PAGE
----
Féraud ‐ Brunel

Féraud ‐ Brunel

Rhone Valley


Féraud‐Brunel is a négociant partnership that began in 1998 between Laurence Féraud of Domaine du Pegau and André Brunel of Les Cailloux. In addition to these two well known winemakers, Philippe Cambie, noted oenologist in the Southern Rhône, is also a partner.

During a recent visit to Féraud‐Brunel it was André who spoke about the difficulty in finding and sourcing good quality Châteauneuf‐du‐Pape and Rasteau. Although they are a négociant, the strength of Féraud‐Brunel lies in their considerable relationships over the years which gives them access to high quality sources in these two appellations year after year. In addition, the source for the always stellar Côtes‐du‐Rhône Villages is an estate vineyard that is owned by André Brunel near the village of Travaillan. With that said, if a wine is not up to their high standards, then they have proven they will not put their names on it for release. In fact in 2004 there was no Châteauneuf‐du‐Pape produced, and 2008 saw no wines at all under the Féraud‐Brunel label.

The wines are all made in a manner that is traditional to the southern Rhône. The wines undergo either 100% or partial whole cluster fermentation that is carried out in concretetanks. No wood is used in the vinification. Because of their relationships with the growers they are able to monitor the farming and ensure that all aspects from yields to harvest date are to their satisfaction. Once harvested, the wines are made at their respective growers’ cellars and then brought to the Féraud‐Brunel winery in Châteauneuf‐du‐Pape to finish the élevage. Time in tank ranges from 18 months for the Côtes‐du‐Rhône villages to 22 months for the Châteauneuf‐du-Pape.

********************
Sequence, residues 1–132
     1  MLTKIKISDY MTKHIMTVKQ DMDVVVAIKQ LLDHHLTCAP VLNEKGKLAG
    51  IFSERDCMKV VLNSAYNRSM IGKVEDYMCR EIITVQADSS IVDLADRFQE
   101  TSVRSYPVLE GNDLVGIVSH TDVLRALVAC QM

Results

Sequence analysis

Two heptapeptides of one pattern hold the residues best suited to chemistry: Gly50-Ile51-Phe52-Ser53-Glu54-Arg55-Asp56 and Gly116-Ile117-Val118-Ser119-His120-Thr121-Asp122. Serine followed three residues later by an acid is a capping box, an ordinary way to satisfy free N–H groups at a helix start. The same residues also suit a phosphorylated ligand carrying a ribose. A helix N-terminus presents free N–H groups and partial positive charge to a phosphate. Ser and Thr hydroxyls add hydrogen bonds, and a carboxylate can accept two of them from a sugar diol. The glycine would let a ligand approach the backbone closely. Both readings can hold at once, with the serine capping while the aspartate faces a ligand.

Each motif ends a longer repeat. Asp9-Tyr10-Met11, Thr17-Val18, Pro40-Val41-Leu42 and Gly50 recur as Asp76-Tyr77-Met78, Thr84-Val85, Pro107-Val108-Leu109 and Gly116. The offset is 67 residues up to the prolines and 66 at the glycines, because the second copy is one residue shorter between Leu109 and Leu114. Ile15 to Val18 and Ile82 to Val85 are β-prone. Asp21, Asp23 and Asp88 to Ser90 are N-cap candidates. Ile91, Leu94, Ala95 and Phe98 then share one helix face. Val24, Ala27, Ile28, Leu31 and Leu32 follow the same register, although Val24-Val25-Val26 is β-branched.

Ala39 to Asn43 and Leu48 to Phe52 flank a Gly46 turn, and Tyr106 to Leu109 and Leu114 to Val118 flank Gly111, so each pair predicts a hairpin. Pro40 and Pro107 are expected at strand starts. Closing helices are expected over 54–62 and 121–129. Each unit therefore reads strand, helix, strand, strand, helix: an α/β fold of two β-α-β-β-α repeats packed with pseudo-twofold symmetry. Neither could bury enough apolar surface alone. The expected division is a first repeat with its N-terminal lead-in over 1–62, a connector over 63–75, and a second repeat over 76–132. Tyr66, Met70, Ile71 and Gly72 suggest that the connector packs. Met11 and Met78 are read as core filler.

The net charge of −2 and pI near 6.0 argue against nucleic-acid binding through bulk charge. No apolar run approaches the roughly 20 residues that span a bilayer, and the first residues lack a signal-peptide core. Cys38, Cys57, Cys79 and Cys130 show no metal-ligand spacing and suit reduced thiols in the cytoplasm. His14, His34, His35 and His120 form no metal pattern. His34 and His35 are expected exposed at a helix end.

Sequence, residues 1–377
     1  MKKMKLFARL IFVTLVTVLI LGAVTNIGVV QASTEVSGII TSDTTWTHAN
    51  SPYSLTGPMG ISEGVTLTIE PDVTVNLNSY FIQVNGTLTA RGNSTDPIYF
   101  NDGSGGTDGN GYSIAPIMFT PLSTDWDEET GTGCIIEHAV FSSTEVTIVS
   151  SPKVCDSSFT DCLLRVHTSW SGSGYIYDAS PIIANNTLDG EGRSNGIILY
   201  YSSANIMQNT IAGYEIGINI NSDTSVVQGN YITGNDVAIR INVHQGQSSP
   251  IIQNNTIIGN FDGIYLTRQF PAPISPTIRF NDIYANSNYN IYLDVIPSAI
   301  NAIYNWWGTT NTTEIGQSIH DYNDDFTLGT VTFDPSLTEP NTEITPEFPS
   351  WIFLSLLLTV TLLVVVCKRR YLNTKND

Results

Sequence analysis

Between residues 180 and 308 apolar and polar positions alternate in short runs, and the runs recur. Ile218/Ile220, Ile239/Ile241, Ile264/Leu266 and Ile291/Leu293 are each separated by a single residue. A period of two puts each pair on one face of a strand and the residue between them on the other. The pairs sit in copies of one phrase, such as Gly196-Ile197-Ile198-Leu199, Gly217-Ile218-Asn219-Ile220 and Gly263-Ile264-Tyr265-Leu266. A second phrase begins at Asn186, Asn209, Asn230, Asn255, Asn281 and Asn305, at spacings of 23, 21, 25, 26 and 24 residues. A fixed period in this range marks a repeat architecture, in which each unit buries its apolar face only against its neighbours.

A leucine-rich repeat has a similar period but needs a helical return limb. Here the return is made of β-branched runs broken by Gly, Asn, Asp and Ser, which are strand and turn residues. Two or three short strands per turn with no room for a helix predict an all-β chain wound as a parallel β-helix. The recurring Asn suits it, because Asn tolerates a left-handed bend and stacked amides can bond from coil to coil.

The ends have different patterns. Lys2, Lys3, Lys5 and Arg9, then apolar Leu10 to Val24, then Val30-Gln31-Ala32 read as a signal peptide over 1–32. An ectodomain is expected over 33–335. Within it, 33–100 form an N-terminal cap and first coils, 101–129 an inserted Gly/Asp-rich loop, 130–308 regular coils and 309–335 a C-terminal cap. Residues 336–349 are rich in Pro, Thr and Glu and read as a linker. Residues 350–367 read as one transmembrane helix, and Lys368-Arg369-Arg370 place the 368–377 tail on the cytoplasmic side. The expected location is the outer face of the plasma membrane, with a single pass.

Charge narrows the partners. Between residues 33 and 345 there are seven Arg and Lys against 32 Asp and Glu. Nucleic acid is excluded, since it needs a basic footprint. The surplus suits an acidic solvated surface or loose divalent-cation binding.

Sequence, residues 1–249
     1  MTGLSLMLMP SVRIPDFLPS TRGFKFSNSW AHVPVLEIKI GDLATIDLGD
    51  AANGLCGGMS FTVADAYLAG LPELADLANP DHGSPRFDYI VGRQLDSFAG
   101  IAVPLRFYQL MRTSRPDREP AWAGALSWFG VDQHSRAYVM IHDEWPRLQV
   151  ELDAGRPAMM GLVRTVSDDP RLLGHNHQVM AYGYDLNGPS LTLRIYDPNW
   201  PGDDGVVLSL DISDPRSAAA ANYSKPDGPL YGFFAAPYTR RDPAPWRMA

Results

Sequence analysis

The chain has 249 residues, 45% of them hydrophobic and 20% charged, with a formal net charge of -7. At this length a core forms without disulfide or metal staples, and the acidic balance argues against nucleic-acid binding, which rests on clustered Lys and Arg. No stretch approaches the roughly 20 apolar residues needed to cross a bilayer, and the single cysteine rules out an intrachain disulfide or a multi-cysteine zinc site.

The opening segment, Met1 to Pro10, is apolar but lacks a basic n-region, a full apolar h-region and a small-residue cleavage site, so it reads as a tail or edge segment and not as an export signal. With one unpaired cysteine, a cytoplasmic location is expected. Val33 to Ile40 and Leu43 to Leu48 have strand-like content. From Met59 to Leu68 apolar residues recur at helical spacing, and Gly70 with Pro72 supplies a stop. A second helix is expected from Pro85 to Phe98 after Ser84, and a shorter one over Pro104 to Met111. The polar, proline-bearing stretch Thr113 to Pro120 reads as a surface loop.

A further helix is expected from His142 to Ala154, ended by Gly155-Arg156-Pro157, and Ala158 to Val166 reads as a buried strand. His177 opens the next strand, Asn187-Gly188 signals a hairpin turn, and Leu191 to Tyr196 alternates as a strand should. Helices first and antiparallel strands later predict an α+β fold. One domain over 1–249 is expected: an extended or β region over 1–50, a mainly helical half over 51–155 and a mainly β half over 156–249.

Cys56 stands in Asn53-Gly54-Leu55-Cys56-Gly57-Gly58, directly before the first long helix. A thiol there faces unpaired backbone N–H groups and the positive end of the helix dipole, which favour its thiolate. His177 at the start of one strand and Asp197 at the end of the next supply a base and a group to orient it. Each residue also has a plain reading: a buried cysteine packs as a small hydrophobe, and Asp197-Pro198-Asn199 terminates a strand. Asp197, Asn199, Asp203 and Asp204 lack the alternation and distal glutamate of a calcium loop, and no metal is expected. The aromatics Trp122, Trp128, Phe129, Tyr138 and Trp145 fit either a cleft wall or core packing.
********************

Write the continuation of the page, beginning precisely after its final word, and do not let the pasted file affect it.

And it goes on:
For the past several years the lineup has consisted of three wines, a Cotes‐du‐RhoneVillages, a Rasteau, and a Châteauneuf‐du‐Pape. The Côtes‐du‐Rhône Villages is generally a blend of 80% Grenache and 20% Syrah. Depending on the year some destemming will take place. For the Rasteau, the blend is often the same but with a small percentage ofMourvèdre added and a smaller production of only 750 cases when produced. TheChâteauneuf‐du‐Pape sees less Syrah and more Mourvèdre in the blend, but is typically atleast 75% Grenache, and it averages around 1,500 cases produced.

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